STATEMENT BY U.S. SECRETARY OF DEFENSE WILLIAM COHEN: The joint statement on defense related environmental cooperation that we just signed is another example how the militaries of Chile and the United States are working together in new, and very significant ways. The arrangement is going to facilitate the exchange of information and personnel, training programs, consultations on the ways to minimize air and water pollution from military operations. And the idea for such cooperation actually grew out of the Defense Consultative Commission, that is the main forum that we have for managing our defense relationship. Chile and the United States are sovereign democracies with commitments to peace and stability in South America and the Pacific, and our militaries work very closely together, the relationship is getting better all the time as we carry out joint exercises and training programs. Two major forces behind the friendly, productive relations between our militaries are the values that Chile and the United States share as democracies with civilian control over armed forces and the leadership provided by Minister Perez Yoma. He has worked extremely hard and successfully to make Chile's armed forces a force for regional peace and stability. He has also contributed to stability while serving as Ambassador to Argentina when Chile and Argentina were successfully resolving their last border disputes. I just want to say for all of you that I am honored to be back in Santiago working with Minister Perez Yoma to expand the partnership for peace between Chile and the United States. We are friends and he is someone I admire a great deal.
QUESTION: Secretary Cohen, taking into account that apparently the United States will sell second hand aircraft to Chile, do you believe that the negative feelings that resulted after the application of the Kennedy Amendment on the Chilean Armed Forces has disappeared?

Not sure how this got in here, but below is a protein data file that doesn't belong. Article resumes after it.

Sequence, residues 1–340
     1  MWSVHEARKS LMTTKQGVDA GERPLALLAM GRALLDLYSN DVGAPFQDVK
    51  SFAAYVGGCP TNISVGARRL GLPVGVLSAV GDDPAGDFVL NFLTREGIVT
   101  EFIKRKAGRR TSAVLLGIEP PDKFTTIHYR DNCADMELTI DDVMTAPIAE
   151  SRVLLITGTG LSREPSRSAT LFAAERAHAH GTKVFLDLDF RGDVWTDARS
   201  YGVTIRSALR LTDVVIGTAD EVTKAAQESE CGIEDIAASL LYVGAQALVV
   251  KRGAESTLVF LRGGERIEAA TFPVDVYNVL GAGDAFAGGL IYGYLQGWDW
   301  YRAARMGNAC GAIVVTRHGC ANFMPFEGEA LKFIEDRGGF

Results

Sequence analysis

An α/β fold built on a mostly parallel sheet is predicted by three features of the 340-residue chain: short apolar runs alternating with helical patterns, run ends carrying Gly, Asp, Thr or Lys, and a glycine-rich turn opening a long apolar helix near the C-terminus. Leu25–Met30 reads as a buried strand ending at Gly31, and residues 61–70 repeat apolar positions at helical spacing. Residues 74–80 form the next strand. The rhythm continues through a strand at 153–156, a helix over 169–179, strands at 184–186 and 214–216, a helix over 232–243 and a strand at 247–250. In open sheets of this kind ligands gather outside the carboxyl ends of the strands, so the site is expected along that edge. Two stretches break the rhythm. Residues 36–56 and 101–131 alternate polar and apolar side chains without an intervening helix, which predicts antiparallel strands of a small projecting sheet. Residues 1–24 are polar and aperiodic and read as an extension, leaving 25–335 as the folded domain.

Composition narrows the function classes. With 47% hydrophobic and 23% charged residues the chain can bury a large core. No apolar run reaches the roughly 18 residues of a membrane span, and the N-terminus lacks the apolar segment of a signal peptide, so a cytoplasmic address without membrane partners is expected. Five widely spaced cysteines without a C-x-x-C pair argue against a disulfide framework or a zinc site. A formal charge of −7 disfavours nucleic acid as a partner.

SECRETARY COHEN: First of all let me indicate that the Chilean government will decide what is best for its military needs, and I believe that they have approached all aspects of military sales from a variety of countries with a great deal of professionalism, of prudence, and scrutiny. And I believe that they will choose that equipment that best suits their defense needs. With respect to the future, I've indicated to Minister Perez Yoma that the United States will be a reliable supplier, that our relationship is strong and growing and expected to be even stronger in the future.
QUESTION: Mr. Minister and Mr. Secretary, did you discuss the issue of General Pinochet.
SECRETARY COHEN: We did not discuss that issue.
QUESTION: What is your opinion on how should the Armed Forces fight drug trafficking in Chile, considering the U.S. policy toward Latin America, and your Armed Forces' intervention in the fight against drug trafficking?
SECRETARY COHEN: We believe that the scourge of illegal drug trafficking poses a danger to all democracies. It can corrupt societies, it can promote acts of terrorism, it can lead to illegal immigration, it can undermine the very foundations of any society, particularly democracies. So we are concerned with the flow of drugs going across international lines. With respect to Chile, I assume that each government must make its own determination, in terms of how it will best combat the flow of narcotics into each country. In Colombia, by a way of example, we are providing support for President Pastrana's efforts to combat the narcotics problems in his country. We are not engaged militarily, we will not become engaged militarily, because this is something that Colombia must resolve for itself. We think that diplomatically, as well as dealing with it on a military basis, but it must be resolved by the use of diplomacy as well. And I believe that, based on my discussions, other countries of the region are also concerned with both the flow of drugs into their country, and that hopefully there can be a sharing of information, perhaps a sharing of intelligence, but it will be up to each country to deal with the flow of drugs as it sees fit, and the United States will take no position in terms of how each country should respond to it other than, I think, a recognition that, if we can cooperate, share information, share intelligence, perhaps share some technology, and then allow each sovereign country to resolve it for itself, is the best policy.